Finally, 2" at 25 feet is terrible. If I had any gun that printed that group, it would get sold. Even my lowly AK's that I offed years ago would print better than that with steel case Wolf. I happen to have in my shop, a 308 hunting rifle that is exhibiting the same issues. I'm going to modify the feed ramp slightly. While it's a bolt gun, the principle is exactly the same, the difference is the operator is loading and extracting the round and with a bolt gun, lockup in battery is much tighter and why a bolt gun will always shoot better than any gas blowback gun. All has to to with the the fit of the cartridge in relationship to the chambering and headspace as it relates to lockup in battery, but 2" at 25 feet plain sucks. I'd be embarased to tell anyone that.

SOP with me, with any new rifle, custom built or not, is a complete tear down and through cleaning and lubrication before the first round ever enters the chamber and not with motor oil either. Motor oil is for internal combustion engines, not firearms. Use a firearm compatible oil of your choice but take the motor oil crap and loose it.
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1. It’s not a feed ramp problem. .308 WIN rounds (even Tula) feed perfectly. It’s most likely a short-stroking problem. The lower-powered 7.62 NATO rounds aren’t cycling the bolt back far enough.

2. As someone already addressed, 7.62 NATO is approved, as it is out of almost every rifle chambered in .308 WIN.

3. I said LESS THAN 2” at 25 YARDS if you read my post (so far I’m not real confident of that). Anyhow, this wasn’t a range session to see how small I could get my groups. It was the first time I’d fired the rifle.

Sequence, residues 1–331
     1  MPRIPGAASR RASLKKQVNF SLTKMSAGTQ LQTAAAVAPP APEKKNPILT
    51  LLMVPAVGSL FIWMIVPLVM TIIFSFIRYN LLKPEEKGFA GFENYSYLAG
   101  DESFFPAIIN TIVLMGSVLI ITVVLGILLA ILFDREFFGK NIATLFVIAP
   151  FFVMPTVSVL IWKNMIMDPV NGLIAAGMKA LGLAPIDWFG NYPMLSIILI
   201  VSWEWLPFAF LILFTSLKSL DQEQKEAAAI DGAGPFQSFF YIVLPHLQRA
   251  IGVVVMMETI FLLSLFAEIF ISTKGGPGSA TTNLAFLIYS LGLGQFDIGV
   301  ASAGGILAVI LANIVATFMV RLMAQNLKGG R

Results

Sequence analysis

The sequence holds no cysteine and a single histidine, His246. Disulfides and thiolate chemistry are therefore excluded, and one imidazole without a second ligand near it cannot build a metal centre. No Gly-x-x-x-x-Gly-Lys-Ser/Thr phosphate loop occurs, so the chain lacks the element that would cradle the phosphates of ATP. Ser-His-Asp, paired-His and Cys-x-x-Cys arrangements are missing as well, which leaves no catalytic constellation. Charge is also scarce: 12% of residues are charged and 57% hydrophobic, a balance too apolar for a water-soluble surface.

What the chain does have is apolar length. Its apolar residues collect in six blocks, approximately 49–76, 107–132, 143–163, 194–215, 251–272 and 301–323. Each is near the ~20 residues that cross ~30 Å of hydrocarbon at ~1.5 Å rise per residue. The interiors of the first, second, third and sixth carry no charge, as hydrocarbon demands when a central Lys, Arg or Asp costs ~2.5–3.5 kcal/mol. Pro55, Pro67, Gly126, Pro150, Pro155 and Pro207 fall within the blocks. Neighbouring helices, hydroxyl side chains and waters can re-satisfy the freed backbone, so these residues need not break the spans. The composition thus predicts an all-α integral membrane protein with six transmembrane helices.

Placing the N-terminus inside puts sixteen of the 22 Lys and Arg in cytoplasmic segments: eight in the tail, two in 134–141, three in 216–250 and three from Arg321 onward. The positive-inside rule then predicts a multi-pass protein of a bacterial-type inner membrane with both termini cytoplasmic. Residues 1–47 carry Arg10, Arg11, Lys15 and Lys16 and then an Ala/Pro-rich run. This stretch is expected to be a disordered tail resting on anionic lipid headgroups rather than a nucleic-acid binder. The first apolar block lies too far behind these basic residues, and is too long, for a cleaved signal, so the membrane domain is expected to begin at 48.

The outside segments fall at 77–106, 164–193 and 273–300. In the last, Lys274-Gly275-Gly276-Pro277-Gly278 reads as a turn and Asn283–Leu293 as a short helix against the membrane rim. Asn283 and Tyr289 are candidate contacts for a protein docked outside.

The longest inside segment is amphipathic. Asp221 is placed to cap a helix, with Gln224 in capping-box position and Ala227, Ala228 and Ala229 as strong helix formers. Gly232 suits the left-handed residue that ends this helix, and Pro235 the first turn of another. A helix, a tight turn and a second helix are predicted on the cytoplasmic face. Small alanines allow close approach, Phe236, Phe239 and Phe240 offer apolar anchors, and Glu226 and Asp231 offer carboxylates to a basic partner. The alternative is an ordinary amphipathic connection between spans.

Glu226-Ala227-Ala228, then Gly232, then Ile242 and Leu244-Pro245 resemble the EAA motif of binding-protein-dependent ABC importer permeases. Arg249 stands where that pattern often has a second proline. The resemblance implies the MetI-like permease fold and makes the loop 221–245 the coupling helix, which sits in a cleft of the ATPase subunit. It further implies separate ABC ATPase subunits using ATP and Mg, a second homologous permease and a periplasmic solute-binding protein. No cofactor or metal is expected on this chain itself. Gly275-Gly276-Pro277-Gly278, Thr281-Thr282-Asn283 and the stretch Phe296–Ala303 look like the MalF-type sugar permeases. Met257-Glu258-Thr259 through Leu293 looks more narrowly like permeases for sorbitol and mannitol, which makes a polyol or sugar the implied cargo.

4. Re: motor oil: On this one, you just plain have no idea what you’re talking about, and I’ll leave it at that. Synthetic motor oil - especially Mobil 1, through th years, has gained wide favor as a perfectly acceptable gun lubricant.

Again, when I get the chance to take the M&P 10 Sport back to th range, I’ll let y’all know th Deal.
 

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A little status on my M&P 10 Sport. Before I did some mods and on my first range session I was having issues with it firing 7.62 X 51 NATO Ammo. I would get overlapping failure to extracts. I then had a local gun smith install an Odin Works Free Float Rail and SLR Sentry S7 Adjustable Gas Block. I also installed a Lantac Dragon for 7.62 to tame the recoil. On the next range session I could not get the bCG to lock back and experienced a extreme failure where the buffer tube bent after the castle nut walked loose. I replaced the buffer tube with a Spike's Tactical Buffer Tube made for AR10s still using the factory buffer spring and buffer. After doing some research I found a post on a forum where a guy drilled open his gas block using a 5/64" drill bit. I tried not to make it a science project so I went ahead and bought a 5/64" drill bit and using my micro dremel opened the gas port using the 5/64" drill bit. I also polished the feed ramps and polished the chamber using a .45 Cal Mop and Mom's Polish. I did this because inwas getting some pretty bad scoring on rounds when ilI would try to cycle the rifle manually and also noticed the head of the round dented from bouncing on the feed ramps. Went to the range and was able to successful get the BCG to lock back on the adjustable gas block 8 setting as well as run 7.62 X 51 NATO through it successfully. It was o ly a range session of 100 rounds with a mix of 7.62X51 Nato, .308 150 GR Aguila, and Fusion .308 168 GR. I plan on trying to make it out to the outdoor shooting range to push it further and run more ammo through it. Also to add it wasn't a mag issue. I go same results feom using a 10 Round PMAG, 20 Round PMAG, and 20 Round DPMS Mag. Each would fail to lock back before opening up the gas port and successfully locked back after. Just thought I'd post to share .